Acknowledgement and recognition of victims/survivors

“If one member suffers, all suffer together with it” (1 Cor 12:26)

These words of Saint Paul forcefully echo in my heart as I acknowledge once more the suffering endured by many minors due to sexual abuse, the abuse of power and the abuse of conscience perpetrated by a significant number of clerics and consecrated persons. Crimes that inflict deep wounds of pain and powerlessness, primarily among the victims, but also in their family members and in the larger community of believers and nonbelievers alike. Looking back to the past, no effort to beg pardon and to seek to repair the harm done will ever be sufficient.  Looking ahead to the future, no effort must be spared to create a culture able to prevent such situations from happening, but also to prevent the possibility of their being covered and perpetuated.  The pain of the victims and their families is also our pain, and so it is urgent that we once more reaffirm our commitment to ensure the protection of minors and of vulnerable adults.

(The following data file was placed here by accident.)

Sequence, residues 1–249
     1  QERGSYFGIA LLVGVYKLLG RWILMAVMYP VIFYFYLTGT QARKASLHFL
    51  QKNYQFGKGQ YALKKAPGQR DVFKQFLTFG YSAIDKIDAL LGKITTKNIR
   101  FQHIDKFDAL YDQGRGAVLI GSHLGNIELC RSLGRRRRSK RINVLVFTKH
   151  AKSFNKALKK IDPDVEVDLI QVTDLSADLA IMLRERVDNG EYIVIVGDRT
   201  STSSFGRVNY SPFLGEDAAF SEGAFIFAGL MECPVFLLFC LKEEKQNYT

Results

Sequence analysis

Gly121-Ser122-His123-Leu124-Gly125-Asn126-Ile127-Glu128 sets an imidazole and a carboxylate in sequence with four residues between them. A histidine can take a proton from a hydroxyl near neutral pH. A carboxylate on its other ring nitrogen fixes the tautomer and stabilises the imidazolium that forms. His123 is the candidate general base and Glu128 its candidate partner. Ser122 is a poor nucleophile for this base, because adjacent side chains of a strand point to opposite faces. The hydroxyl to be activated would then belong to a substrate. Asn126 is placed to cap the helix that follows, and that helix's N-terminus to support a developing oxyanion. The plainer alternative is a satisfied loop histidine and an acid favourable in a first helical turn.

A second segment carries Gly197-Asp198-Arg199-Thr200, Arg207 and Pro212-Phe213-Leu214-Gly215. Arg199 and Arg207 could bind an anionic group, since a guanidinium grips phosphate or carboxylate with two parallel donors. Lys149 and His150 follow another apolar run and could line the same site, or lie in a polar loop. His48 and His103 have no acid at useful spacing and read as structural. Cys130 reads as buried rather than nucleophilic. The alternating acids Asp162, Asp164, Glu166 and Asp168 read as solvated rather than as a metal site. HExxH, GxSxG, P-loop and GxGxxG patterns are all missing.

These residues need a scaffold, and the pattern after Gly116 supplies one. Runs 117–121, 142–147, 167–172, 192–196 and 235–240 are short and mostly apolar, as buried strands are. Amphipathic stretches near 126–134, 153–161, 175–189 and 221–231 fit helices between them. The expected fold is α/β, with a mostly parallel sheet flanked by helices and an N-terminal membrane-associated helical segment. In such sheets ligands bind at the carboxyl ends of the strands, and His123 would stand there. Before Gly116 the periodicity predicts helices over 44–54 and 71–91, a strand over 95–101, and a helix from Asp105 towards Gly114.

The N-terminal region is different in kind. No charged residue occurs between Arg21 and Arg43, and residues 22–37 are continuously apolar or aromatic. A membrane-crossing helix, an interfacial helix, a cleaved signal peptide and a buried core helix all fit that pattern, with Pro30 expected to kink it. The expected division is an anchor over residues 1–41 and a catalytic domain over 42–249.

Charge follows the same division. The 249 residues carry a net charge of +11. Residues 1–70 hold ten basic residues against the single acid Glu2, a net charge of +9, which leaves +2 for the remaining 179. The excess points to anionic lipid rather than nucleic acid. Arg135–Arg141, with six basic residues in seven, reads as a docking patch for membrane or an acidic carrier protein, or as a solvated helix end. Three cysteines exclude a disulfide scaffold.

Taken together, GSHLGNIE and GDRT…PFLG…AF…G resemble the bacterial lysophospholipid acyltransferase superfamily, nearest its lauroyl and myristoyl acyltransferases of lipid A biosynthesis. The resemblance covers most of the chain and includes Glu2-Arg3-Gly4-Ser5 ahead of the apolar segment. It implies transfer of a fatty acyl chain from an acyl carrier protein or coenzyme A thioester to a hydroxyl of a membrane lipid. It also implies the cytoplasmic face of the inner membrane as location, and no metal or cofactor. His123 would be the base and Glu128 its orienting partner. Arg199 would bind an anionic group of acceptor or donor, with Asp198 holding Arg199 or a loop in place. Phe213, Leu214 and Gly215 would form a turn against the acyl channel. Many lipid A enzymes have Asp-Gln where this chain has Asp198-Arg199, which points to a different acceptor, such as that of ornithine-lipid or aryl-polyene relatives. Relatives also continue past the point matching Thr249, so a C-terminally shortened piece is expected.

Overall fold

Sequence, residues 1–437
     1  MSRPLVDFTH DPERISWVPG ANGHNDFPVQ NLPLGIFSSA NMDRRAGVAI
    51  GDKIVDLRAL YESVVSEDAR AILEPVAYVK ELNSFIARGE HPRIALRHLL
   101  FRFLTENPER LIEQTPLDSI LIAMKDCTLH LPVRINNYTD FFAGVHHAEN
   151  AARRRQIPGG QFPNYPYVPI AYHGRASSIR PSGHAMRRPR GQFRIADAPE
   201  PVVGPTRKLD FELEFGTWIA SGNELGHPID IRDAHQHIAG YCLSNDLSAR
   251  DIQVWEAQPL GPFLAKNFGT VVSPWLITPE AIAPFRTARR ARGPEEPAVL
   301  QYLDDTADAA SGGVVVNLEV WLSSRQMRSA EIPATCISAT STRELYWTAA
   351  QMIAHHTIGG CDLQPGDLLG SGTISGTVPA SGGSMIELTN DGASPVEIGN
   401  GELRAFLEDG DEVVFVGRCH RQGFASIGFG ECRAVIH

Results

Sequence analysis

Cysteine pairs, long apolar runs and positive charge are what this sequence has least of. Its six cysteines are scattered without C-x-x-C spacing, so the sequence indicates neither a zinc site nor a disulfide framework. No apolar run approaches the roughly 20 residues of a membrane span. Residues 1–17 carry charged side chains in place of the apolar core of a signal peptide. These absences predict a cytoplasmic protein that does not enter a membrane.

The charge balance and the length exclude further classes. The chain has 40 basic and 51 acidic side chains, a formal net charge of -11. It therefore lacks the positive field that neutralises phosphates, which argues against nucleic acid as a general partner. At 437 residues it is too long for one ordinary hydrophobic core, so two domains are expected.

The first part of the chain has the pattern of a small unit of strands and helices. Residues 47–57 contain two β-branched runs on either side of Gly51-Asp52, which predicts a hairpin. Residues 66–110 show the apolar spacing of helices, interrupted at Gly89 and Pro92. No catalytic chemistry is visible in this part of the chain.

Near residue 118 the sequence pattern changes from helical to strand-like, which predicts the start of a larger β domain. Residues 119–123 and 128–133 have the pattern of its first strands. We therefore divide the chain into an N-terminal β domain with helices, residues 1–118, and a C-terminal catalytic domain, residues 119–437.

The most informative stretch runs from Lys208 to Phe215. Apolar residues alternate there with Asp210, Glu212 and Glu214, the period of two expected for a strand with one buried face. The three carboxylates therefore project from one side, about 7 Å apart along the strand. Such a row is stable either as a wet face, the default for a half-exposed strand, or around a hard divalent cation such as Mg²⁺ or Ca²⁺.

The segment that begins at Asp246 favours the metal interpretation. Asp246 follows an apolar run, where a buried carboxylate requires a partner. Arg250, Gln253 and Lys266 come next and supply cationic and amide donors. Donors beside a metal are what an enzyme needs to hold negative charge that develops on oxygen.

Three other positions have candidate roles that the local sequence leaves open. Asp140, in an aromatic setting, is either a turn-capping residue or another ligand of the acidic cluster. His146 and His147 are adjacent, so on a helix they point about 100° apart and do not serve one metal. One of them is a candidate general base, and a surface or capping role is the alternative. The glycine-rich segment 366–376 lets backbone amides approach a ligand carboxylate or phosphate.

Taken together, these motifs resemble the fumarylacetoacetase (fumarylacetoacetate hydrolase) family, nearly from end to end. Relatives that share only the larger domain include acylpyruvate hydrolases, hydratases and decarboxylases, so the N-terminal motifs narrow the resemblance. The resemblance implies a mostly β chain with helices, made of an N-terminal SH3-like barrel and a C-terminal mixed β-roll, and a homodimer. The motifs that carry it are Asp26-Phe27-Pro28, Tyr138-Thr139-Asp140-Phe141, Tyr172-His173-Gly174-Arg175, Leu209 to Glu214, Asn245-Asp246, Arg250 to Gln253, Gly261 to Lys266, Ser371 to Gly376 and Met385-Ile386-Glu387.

Letter of his Holiness Pope Francis to the People of God,
Liberia Editrice Vaticana, Vatican City, 20 August 2018

On Monday 22 October 2018, The Prime Minister of Australia delivered the National Apology to Victims and Survivors of Institutional Child Sexual Abuse at Parliament House in Canberra. The Catholic Church in our country stands in solidarity in giving expression to words of acknowledgement, sorrow and apology to all victims and their loved ones.

The Catholic Archdiocese of Melbourne acknowledges and accepts the pain and harm caused to the victims and survivors of abuse in the Catholic Church.  We pay our respects to all victims and survivors who have come forward, so that we may learn to better protect children, young people and vulnerable persons.  We also honour those who are prevented from coming forward by the enormity of the trauma they suffered as children, and those whose voices can longer be heard.

We dedicate our ongoing efforts to all the victims and survivors of sexual, physical, emotional and spiritual abuse and neglect.

Archbishop Peter A. Comensoli communicates his strong commitment to exercising his responsibilities with regard to child safety in his letter and affirms these efforts in relation to Jesus Christ.

This is the way of Jesus Christ. It must be my way. And I invite you to join with me in making it our common Gospel way.

Letter to the Faithful from Archbishop Peter A Comsenoli,
Catholic Archdiocese of Melbourne, 21 August 2018